Can stress eating slow your metabolism? Yes!

Can stress eating slow your metabolism?  Yes!

Did you know that the #1 New Year’s Resolution is “to lose weight”?  I thought you did!  A new study shows that stress during the 24 hours before eating a high-fat meal slows metabolism.  Whoa, that’s not good!

When it comes to either losing weight, or maintaining a healthy weight, there are many factors that will make a difference.  At the very foundation is the concept of “calories in, calories out” … which is a catchy way of saying that if we eat more calories than we metabolically burn, we will gain weight.   If we want to lose weight, we need to eat less calories than we burn.

Your basal metabolic rate (BMR) reflects the number of calories you burn just being alive. Want to know your BMR? Here’s an example, Laura, a 30 year old woman who is 5’5” and weighs 120 lbs will have a BMR of 1,341 calories.  Any level of activity will increase her calories burned.  The amount of calories actually needed is determine by using the Harris Benedict Equation.  If we are sedentary (total couch potatoes), we multiple our BMR by 1.2 to get our daily calorie need.  In our example, that number is 1,609 calories daily for Laura to maintain her current weight.  If Laura adds even light activity, she would burn more calories and her requirement goes up to 1,852!  Moderate exercise brings it up to 2,078!  The more activity, the greater the calorie burn.  The greater the calorie burn, the more food you can eat and not gain weight. If you eat more calories than you burn, you will gain weight.  If you eat less calories than you burn you will lose weight.

OK, so on to the study.  This was done through Ohio State University’s Clinical Research Center, and included women only.  The purpose was to look at the effect of stress during the 24 hours before eating a high-fat meal and the amount of calories burned during the 6 hours after the meal was eaten.  All the women were given 3 standardized meals the day prior to the test day and were instructed to eat nothing for 12 hours before the “test meal” which was very high in fat (58% of calories from fat).  All women ate the entire meal within 20 minutes.  The study found that those women who reported one or more stressors (like arguments, work-related pressures, trouble with children, etc.) during the 24 hour period before the test meal burned less calories than the “no stressors” women.  The difference was calculated to be 435 calories per day less for the stressed gals.  That equates to almost 11 pounds of weight gain per year!!!  Oh No!!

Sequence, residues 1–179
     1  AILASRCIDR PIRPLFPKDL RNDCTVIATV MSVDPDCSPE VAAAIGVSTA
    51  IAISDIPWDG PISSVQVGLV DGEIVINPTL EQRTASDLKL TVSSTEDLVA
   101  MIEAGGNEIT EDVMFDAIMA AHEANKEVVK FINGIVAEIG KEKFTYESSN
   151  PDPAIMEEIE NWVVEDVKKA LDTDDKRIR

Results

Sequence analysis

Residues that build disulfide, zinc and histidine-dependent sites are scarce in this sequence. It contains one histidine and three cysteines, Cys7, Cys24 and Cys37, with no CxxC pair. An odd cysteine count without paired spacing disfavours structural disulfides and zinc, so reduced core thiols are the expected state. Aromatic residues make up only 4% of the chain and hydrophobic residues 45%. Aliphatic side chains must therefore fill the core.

OK, so, stress slows metabolism, at least in women.  Stress eating is often high-fat.  Gaining weigh just because we are stressed will only add to our stress!!  Oh gosh  …

Here are a few smart tips:
●   Don’t get stressed (yeah right).
●   Don’t be a stress eater (well, at least try).
●   Have low-fat, healthy foods easily available for you to grab when feeling stressed (that’s not hard).
●   Increase your physical activity to burn more calories (that’s a great idea, you just need to find the time and the motivation).

Look, we all know the stress that we are under.  I hope we can keep it manageable, for lots of health reasons.  If we want to achieve or keep a healthy weight, we have to find ways to balance “calories in/calories out”.  I think I’ll grab an organic apple and some low fat cheese and take at 20 minute brisk walk!  Want to join me?

Additional Resources:

The brain-tongue connection in stress eating

Why organic apples

Our Wild Oats bloggers are partners who love to share their passion and knowledge about better living! While we compensate them for being a part of this vibrant community, their views and opinions are their own and do not signify Wild Oats' opinions, endorsement or recommendations. Wild Oats reserves the right to moderate and remove comments that are off-topic or inappropriate, so please help us keep this community clean, fun and valuable!

Leave a Reply

Your email address will not be published. Required fields are marked *

Popular Tags

Email Signup

Follow Us Online

Latest Posts

Our Bloggers